Taroko Gorge is often rightly described as the jewel of Taiwan. The scenery found in and around it is simply breathtaking, and a trip to Taroko Gorge should be part of everyone’s itinerary. There are a host of trails of varying difficulty throughout the park, from the vertigo inducing Zhuilu Trail to much shorter, gentler hikes that are suitable for anyone.
A trip to Taroko Gorge may include any of the following:
Zhuilu Old Trail
This spectacular trail was once part of the Hehuan Cross-Island Trail that stretched from the East Coast all the way over the HeHuan Mountains to the village of Wushe in the west. Most of the trail has now been forgotten or taken over by the roads that now run the same journey, but this wonderful section remains.
It is a 10km linear hike that has, without a shadow of a doubt, some of the best views of the whole gorge. You will climb to a height of over 750 meters, and then walk along a meter-wide section of path that has literally been cut out of the cliff face. On one side the cliff towers above you, and on the other the mountain drops straight down into the gorge below. It’s definitely an adrenaline pumping hike.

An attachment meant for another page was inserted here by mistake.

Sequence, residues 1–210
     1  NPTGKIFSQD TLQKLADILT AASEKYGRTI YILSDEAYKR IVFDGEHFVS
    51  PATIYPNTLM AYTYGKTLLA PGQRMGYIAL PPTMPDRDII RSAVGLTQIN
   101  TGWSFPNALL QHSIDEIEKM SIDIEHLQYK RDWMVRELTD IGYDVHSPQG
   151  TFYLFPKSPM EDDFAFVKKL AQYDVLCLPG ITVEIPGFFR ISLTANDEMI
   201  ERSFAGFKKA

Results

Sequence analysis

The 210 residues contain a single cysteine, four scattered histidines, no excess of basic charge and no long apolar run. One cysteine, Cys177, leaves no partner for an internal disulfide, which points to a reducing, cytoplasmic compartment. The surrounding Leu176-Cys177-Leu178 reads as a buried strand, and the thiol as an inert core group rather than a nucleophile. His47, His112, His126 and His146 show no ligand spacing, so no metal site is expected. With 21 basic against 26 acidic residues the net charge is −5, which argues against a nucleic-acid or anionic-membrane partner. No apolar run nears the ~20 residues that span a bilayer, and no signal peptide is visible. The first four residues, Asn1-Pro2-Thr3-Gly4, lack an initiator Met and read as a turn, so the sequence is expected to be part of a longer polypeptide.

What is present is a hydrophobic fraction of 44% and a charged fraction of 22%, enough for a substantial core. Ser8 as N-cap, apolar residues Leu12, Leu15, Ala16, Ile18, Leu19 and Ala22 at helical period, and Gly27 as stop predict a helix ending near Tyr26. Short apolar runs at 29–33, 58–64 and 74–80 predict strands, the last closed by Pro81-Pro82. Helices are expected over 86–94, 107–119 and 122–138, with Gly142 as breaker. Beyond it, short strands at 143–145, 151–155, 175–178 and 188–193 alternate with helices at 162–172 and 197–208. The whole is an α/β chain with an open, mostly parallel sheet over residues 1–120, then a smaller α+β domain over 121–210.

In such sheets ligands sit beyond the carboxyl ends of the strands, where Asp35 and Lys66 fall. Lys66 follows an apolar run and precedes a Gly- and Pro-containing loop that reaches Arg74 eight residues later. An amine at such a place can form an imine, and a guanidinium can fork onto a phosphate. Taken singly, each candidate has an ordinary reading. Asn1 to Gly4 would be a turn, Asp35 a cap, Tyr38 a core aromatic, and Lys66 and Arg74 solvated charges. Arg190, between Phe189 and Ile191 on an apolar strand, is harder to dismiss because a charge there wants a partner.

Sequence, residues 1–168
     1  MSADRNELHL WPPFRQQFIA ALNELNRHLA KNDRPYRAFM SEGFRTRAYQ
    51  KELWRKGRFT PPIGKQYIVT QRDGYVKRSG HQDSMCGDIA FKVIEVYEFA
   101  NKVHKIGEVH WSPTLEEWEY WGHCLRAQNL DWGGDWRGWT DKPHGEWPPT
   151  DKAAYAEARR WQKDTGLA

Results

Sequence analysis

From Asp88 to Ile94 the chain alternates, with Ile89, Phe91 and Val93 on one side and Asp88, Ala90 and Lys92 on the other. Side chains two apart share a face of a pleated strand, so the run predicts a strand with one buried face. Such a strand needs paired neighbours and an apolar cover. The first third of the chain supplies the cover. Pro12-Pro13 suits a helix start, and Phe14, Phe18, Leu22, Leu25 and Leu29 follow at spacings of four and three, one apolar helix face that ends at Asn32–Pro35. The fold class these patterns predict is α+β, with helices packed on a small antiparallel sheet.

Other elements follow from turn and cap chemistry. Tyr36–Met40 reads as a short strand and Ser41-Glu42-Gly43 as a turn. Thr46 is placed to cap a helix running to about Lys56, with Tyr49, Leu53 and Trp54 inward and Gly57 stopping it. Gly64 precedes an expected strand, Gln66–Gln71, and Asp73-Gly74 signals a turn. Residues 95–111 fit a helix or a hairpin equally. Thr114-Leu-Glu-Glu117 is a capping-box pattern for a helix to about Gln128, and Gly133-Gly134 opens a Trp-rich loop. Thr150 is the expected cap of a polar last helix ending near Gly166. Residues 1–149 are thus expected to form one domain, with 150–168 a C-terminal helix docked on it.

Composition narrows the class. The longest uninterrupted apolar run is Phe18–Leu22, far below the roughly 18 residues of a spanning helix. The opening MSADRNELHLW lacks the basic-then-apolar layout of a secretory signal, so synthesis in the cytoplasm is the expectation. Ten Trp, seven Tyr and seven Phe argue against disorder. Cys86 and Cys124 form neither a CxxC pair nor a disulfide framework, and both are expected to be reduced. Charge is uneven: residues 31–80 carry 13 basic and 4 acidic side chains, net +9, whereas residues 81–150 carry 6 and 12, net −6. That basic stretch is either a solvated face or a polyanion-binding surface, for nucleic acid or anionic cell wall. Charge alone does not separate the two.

Dali Village Hike
Dali and Datong villages were once bustling indigenous settlements in the gorge. However, in 1979, the tribe decided that it was no longer practical for them to live so far away from modern amenities and particularly schooling. The tribes moved from the mountains down to Xiulin village but after a short while, some families couldn’t adjust to life on the plains and headed back to their mountain villages. Currently, there are around 12 families living in the two villages.
It’s a steep hike from the visitor’s center up to the village of Dali, but well worth it. The trail passes by a working pulley lift that carries vital food and supplies up to the villages. The village itself is totally cut-off and is a surreal sight when you surface from the forest to see a full working village pop out of nowhere.